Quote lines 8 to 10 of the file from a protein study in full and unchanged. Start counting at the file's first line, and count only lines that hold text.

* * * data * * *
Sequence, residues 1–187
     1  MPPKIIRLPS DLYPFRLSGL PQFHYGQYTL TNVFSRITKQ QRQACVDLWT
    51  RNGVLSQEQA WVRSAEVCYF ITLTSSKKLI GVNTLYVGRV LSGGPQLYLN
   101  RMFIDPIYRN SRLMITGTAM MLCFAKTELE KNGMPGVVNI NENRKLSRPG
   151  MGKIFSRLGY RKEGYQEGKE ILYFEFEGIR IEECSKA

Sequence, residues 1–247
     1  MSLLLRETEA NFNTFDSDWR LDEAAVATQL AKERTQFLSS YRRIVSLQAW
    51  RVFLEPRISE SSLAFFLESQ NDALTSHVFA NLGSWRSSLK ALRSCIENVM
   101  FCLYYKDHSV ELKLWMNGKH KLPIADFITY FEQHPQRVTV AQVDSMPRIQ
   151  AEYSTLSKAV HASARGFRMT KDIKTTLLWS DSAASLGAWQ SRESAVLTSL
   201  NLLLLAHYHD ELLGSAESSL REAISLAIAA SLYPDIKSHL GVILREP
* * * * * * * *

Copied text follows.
    51  RVFLEPRISE SSLAFFLESQ NDALTSHVFA NLGSWRSSLK ALRSCIENVM
   101  FCLYYKDHSV ELKLWMNGKH KLPIADFITY FEQHPQRVTV AQVDSMPRIQ
   151  AEYSTLSKAV HASARGFRMT KDIKTTLLWS DSAASLGAWQ SRESAVLTSL